5.6/10
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37 user 35 critic

The Young Messiah (2016)

PG-13 | | Drama, Fantasy | 11 March 2016 (USA)
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Tells the story of Jesus Christ at age seven as he and his family depart Egypt to return home to Nazareth. Told from his childhood perspective, it follows young Jesus as he grows into his religious identity.

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(novel), (screenplay) | 1 more credit »
1 win. See more awards »

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Cast

Cast overview, first billed only:
... Jesus
... Mary
... Joseph
... James (as Finn McLeod Ireland)
... Cleopas
... Miriam
Lois Ellington ... Salome
... Old Sarah
Duné Medros ... Riba (as Dune Medros)
... The Demon
... Severus
... Weer
... Herod
... Old Rabbi (Nazareth)
... The Blind Rabbi
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Storyline

At the age of 7, Jesus Bar-Joseph lives with his family in Alexandria, Egypt, where they have fled to avoid a massacre of children by King Herod of Israel. Jesus knows that his parents Joseph and Mary have secrets they are keeping from him, secrets about his birth and about traits that make him very different from other boys. His parents, however, believe him too young to grasp the truth of his miraculous birth and purpose. Learning that the murderous Herod is dead, they set out to return to their home of Nazareth in Israel, unaware that Herod's namesake son is, like his father, determined to see the boy Jesus dead. Written by Jim Beaver <jumblejim@prodigy.net>

Plot Summary | Add Synopsis

Taglines:

Before he was the savior...he was a child. See more »

Genres:

Drama | Fantasy

Motion Picture Rating (MPAA)

Rated PG - 13 for some violence and thematic elements | See all certifications »

Parents Guide:

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Details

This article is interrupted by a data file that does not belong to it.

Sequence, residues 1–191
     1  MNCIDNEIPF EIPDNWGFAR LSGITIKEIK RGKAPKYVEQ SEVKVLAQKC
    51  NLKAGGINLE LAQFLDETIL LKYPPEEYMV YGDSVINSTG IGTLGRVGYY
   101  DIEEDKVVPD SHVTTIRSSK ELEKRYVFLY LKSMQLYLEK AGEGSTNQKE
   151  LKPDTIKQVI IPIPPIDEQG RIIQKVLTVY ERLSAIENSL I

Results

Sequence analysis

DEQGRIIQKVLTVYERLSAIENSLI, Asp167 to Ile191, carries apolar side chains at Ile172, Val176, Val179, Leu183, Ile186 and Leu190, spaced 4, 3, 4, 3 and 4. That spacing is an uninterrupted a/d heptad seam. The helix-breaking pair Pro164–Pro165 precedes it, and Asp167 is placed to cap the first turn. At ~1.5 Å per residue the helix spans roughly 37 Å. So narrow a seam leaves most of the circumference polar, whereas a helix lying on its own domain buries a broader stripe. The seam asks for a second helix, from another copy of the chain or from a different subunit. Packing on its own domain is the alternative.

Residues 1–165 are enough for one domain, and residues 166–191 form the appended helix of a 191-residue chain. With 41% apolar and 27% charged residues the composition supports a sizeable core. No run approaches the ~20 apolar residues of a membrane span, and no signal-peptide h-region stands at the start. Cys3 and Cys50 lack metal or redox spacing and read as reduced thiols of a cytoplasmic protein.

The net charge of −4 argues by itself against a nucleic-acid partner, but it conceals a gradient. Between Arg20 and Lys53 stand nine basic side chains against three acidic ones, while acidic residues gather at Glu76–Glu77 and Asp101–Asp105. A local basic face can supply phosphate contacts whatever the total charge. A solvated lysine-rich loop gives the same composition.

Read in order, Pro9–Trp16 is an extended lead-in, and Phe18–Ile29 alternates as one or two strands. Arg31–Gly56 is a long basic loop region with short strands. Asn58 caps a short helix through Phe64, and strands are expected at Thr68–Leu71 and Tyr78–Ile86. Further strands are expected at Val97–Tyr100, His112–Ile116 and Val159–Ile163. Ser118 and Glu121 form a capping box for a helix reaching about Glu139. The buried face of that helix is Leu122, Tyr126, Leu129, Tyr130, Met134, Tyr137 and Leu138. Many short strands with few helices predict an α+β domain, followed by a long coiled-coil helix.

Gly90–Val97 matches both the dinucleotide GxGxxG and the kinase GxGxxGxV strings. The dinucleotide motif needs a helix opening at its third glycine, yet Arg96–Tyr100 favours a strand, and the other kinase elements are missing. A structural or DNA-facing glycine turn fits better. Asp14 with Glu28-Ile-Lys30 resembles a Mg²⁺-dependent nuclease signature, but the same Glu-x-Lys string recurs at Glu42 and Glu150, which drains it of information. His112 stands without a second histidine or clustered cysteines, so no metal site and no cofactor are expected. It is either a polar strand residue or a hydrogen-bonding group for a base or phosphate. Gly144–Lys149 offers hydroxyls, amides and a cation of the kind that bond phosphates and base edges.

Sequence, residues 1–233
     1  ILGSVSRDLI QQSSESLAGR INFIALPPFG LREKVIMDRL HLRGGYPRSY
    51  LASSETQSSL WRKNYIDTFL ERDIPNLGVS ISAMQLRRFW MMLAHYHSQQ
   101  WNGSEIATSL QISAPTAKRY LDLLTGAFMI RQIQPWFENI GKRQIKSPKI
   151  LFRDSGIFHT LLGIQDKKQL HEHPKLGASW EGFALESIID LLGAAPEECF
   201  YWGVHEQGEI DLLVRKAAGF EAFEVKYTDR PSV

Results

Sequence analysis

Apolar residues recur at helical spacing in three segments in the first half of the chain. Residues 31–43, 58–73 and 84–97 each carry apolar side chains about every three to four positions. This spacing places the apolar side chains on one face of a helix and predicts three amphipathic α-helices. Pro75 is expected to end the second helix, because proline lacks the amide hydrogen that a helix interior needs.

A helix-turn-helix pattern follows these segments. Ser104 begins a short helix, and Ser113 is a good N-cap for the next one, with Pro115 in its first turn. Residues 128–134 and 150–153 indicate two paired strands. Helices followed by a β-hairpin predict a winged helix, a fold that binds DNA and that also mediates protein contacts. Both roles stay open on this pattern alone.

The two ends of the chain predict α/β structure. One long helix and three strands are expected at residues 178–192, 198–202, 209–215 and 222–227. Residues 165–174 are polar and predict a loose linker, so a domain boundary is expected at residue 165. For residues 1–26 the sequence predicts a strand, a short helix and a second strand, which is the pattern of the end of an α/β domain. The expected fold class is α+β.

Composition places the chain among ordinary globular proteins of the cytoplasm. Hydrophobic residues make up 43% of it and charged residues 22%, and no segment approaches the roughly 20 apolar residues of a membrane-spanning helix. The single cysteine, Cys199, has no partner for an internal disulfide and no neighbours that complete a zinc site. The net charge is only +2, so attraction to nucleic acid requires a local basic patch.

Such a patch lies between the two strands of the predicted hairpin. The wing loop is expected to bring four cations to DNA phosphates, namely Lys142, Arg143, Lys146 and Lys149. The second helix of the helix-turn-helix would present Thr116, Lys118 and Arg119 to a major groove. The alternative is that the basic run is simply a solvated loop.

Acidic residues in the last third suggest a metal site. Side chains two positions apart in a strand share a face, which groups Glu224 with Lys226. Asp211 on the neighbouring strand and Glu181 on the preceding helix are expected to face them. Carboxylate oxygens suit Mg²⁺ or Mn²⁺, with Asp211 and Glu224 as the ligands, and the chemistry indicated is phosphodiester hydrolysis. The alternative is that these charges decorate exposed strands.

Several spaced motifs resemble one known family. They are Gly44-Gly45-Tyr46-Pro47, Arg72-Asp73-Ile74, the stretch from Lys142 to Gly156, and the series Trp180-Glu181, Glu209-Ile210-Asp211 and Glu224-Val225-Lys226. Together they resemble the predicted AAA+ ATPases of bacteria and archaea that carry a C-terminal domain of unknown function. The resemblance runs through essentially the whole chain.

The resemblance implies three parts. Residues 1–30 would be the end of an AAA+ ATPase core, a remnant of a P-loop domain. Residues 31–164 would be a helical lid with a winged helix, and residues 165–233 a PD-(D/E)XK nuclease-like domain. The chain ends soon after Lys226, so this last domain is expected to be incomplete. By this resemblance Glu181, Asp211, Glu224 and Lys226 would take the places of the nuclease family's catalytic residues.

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Release Date:

11 March 2016 (USA)  »

Also Known As:

Christ the Lord: Out of Egypt  »

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Box Office

Budget:

$18,500,000 (estimated)

Opening Weekend USA:

$3,294,876, 13 March 2016, Wide Release

Gross USA:

$6,462,576, 17 April 2016

Cumulative Worldwide Gross:

$7,313,697, 31 December 2016
See more on IMDbPro »

Company Credits

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Technical Specs

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Aspect Ratio:

2.35 : 1
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Did You Know?

Trivia

The actor portraying Jesus is named Adam. Incidentally, theologians give Jesus the title 'New' or 'Second Adam', saving man unlike Adam, the First Man, who brought sin into the world. See more »

Quotes

[first lines]
Salome: For a camel, you make a triangle like this.
[drawing in the dirt]
Salome: That's the hump. It's so easy. See? Then some lines for legs here. Teacher taught me how to do this. He showed me elephants and cats, too. But I told him you like camels. That's the neck.
[looking up]
Salome: You're not watching. Then on top, I put another triangle for a head. They have big round eyes and a skinny tail here.
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Soundtracks

Barcheinu Avinu
Written by Shlomo Carlebach (as Rabbi Shlomo Carlebach), BMI
Used with the permission of the Estate of Rabbi Shlomo Carlebach
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User Reviews

 
Benignly Boring
13 March 2016 | by See all my reviews

Out of all the reviews I have written thus far, this one may arguably be the toughest. Not because Young Messiah is a particularly good movie; it's not. I struggle because while it might be easy to lampoon a movie for being amateurish, inept, casually racist, remarkably insincere, thematically dubious and egregiously pandering; this movie's greatest sin however is it's a bore. Clocking in at a sluggish one hour and fifty one minutes, I constantly was asking myself if this film might have been improved if they replaced all the supporting characters with mannequins. Perhaps if Graham Chapman's ghost popped up and sung "Always Look on the Bright Side of Life" there'd be signs of actual, you know, life.